“I also interviewed people who had conversions within the previous two years. Their stories were really fresh and they hadn’t had a chance to reinterpret or change their understanding of their salvation on the basis of later experiences and theological understandings,” Lynne acknowledged.

How they see their faith forming

“Those were two things that made my project quite unique. I allowed the stories and the reflections that came out of them to shape the theory I developed of why people are finding faith today.”

Coinciding with the project, Lynne chose to immerse herself in a read-a-thon of biblical studies, theology and the social sciences alongside her new believers interviews.

“This was to try and understand what others think and how they see faith forming.”

Another sideline to Lynne’s study is the growing demographic of those who haven’t grown up in the church. She said this is counter to the style and content of evangelism that’s constructed and presented most times by those based on their own experiences.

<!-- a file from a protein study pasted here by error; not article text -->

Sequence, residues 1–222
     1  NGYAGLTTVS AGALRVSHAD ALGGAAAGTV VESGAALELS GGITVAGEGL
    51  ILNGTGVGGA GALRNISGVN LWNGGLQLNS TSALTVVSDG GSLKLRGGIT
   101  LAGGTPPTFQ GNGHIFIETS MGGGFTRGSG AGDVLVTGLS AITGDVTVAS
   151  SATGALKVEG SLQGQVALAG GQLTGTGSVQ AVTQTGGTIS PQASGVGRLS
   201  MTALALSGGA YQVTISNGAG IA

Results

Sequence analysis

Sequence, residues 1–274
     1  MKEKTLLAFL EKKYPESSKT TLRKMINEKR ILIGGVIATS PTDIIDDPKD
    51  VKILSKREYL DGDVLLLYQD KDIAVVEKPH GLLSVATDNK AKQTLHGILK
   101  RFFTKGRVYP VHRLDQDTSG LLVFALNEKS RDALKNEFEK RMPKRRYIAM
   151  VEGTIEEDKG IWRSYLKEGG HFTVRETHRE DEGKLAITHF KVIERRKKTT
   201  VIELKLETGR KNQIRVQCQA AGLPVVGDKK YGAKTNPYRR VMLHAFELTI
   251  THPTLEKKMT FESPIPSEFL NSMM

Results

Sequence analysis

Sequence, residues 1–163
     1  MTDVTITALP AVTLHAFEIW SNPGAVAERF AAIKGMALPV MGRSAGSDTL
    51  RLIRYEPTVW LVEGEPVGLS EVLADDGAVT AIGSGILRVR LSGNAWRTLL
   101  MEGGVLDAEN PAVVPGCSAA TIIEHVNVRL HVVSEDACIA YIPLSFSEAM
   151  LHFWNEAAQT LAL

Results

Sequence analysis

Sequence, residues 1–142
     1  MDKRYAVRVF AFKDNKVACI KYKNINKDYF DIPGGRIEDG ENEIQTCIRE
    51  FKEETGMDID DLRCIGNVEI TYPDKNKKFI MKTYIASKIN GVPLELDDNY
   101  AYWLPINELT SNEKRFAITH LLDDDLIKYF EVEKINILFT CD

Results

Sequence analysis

“I had a hunch this was going to be different for people who hadn’t been brought up in that context,” Lynne observed.

Twenty years to make a decision

As for those who’ve had some Christian background, their conversion to faith can still be a very long-term process.

“For one of the women I interviewed it had taken about twenty years before she had a really significant encounter with God and knowing it was God. It took her all of those twenty years to want to name herself as a follower of Christ.”

Lynne paid tribute to the faithfulness of this woman’s Christian friends who stayed in contact with her.

“To care for her over that period of time was so crucial.”

For unchurched believers there is a first stage of the conversion process.

“In its beginnings, for the most part they’re unaware the conversion process is underway,” Lynne discovered.

“Often it’s in hindsight they look back and can see and articulate what had happened. But the process began with some sort of exposure to Christianity.’

The trigger – either positive or negative

Lynne informed this was often through a friend, a family member or a work colleague.